John C. Dernbach & Marc Prokopchak, Recognition of Environmental Rights for Pennsylvania Citizens: A Tribute to Chief Justice Castille, 53 Duquesne Law Review 335 (2015). This article is based on remarks made at a Special Session of the Pennsylvania Supreme Court at Duquesne University on October 7, 2014 in honor of Chief Justice Ronald Castille. This article explains why Robinson Township is likely to have staying power even though it did not command a majority of Pennsylvania’s Supreme Court. This article also collects and summarizes 79 judicial and administrative tribunal decisions applying or considering the three-part Payne v. Kassab balancing test as a substitute for the text of the amendment, and demonstrates that the challenging party has almost never prevailed under that test.
Kenneth T. Kristl, It Only Hurts When I Use It: The Payne Test and Pennsylvania’s Environmental Rights Amendment, 46 Environmental Law Reporter 10594 (2016). This Article analyzes and develops the judicial and scholarly criticisms of the Payne test, and develops a new test based on the principles articulated by the Robinson Township plurality, arguing that it would allow Commonwealth agents and judges to ensure that §27 plays a vital role in protecting the environment.
Richard Rinaldi, Dormant for Decades, the Environmental Rights Amendment of Pennsylvania’s Constitution Recently Received a Spark of Life from Robinson Township v. Commonwealth, 24 Widener L.J. 435 (2015). This article, by a graduate of Widener University Commonwealth Law School, suggests a potentially vast sea-change in the way future courts assess claims under the Environmental Rights Amendment, namely that the plurality’s textual interpretation of the Amendment may revitalize its promise as a true constitutional right to environmental protection.
John C. Dernbach, The Potential Meanings of a Constitutional Public Trust, 45 Environmental Law 463 (2015). This Article describes the origin of the Environmental Rights Amendment, the two primary cases decided shortly after it was adopted that effectively buried the Amendment, and the Robinson Township decision. It then surveys the wide range of issues that have arisen in the courts and other adjudicatory bodies in the immediate aftermath of Robinson Township and provides suggestions for how some of them should be resolved. Taken together, these cases provide a glimpse of what constitutionally protected environmental rights, including a constitutional public trust, could mean if the Pennsylvania courts continue to treat the Amendment as constitutional law.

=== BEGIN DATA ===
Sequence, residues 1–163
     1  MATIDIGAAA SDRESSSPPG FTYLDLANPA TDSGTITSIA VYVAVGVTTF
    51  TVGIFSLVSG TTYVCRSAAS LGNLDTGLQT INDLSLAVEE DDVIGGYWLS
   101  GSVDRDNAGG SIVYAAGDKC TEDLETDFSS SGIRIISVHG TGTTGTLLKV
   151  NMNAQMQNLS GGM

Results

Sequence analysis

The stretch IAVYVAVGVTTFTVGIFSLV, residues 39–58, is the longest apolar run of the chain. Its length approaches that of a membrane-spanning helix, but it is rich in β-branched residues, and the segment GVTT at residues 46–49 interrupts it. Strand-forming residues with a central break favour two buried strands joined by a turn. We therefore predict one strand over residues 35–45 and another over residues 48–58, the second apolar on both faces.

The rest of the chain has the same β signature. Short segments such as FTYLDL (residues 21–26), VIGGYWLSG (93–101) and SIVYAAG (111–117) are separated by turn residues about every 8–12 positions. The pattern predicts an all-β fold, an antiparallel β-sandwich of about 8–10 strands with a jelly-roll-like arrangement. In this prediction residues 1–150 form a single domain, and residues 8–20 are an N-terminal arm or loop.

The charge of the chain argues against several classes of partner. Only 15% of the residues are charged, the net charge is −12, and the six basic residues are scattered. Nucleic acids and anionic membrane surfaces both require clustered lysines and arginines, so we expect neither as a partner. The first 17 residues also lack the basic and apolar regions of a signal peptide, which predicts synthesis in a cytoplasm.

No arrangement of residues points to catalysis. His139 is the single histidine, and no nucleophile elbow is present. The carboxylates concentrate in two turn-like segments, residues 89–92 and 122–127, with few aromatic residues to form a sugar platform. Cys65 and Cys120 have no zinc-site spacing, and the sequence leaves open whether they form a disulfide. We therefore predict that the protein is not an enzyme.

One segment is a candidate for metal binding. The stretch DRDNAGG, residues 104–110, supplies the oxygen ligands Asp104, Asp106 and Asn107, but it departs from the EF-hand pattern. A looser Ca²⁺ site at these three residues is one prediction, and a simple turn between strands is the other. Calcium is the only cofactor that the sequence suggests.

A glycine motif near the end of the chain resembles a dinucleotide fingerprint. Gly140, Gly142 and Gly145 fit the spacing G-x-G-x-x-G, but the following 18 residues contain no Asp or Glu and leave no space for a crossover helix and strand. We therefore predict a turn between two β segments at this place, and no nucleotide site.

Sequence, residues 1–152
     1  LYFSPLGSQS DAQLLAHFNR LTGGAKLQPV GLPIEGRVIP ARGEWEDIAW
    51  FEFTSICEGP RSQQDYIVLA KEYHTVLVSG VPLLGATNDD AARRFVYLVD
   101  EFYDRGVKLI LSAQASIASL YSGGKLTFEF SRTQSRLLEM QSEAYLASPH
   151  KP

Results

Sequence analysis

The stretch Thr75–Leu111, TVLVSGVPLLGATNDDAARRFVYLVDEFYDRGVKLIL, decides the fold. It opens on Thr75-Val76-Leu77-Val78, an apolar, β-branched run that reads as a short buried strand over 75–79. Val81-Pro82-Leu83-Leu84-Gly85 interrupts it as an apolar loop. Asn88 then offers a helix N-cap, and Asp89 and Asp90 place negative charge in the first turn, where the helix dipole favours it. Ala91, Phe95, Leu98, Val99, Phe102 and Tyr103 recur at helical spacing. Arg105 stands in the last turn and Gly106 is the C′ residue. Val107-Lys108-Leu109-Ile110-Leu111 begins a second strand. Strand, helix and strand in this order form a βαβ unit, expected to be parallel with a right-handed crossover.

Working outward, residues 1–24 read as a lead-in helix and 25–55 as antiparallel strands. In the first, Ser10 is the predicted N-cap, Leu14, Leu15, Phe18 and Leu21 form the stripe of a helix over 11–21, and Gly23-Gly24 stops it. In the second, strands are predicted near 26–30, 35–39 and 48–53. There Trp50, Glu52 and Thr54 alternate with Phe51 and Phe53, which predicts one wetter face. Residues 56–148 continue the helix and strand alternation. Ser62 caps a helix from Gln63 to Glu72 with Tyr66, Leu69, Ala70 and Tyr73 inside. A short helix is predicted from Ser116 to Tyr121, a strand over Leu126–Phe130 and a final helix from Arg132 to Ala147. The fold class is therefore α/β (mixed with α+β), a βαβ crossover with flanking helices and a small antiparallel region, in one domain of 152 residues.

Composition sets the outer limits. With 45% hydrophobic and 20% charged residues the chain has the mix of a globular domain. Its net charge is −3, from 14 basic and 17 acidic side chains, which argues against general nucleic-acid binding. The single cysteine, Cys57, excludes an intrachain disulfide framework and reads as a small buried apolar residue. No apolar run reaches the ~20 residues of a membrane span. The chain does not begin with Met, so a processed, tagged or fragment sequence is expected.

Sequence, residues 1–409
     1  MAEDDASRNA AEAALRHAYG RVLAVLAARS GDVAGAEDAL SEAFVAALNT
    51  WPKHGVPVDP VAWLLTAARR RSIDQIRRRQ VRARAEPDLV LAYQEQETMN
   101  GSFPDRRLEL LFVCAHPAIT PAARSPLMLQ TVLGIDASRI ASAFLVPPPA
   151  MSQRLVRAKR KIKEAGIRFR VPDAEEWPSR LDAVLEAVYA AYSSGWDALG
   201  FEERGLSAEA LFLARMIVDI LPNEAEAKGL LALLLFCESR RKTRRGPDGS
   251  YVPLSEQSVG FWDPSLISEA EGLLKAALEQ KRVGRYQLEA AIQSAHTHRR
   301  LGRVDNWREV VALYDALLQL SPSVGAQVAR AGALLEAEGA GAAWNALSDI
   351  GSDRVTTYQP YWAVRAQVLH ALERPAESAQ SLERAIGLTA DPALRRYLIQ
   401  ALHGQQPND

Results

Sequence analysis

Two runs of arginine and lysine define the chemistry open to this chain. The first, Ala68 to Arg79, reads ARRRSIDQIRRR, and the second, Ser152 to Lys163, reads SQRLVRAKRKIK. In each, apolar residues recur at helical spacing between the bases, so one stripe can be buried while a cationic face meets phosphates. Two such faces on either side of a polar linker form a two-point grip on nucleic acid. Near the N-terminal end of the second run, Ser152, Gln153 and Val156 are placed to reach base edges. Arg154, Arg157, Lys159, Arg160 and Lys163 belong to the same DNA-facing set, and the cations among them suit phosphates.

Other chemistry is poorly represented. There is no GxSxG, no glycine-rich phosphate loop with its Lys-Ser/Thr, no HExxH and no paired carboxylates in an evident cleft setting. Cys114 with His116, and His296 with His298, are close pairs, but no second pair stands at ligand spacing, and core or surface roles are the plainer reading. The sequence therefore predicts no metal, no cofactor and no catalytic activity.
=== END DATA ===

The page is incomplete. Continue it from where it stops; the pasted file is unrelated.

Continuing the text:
John C. Dernbach, Natural Resources and the Public Estate, in The Pennsylvania Constitution: A Treatise on Rights and Liberties (Ken Gormley, et al. eds., Bisel 2004). This book chapter summarizes the jurisprudence under Article I, Section prior to the Robinson Township decision.
John C. Dernbach, Taking the Pennsylvania Constitution Seriously When It Protects the Environment: Part I—An Interpretative Framework for Article I, Section 27, 103 Dickinson Law Review 693 (1999). Part I of this Article suggests an interpretative framework for understanding the Amendment that is based on its text, legislative history, and purposes. It was cited by the Pennsylvania Supreme Court in the Robinson Township decision.
John C. Dernbach, Taking the Pennsylvania Constitution Seriously When It Protects the Environment: Part II-Environmental Rights and Public Trust, 104 Dickinson Law Review 97 (1999). This article outlines ways in which Article I, Section 27 should be applied and argues, among other things, that the public trust and environmental rights provisions of the environmental amendment are self-executing against the government. This article also was cited by the Pennsylvania Supreme Court in the Robinson Township decision.
Franklin L. Kury, The Environmental Amendment to the Pennsylvania Constitution: Twenty Years Later and Largely Untested, 1 Villanova Environmental Law Journal 123 (1991).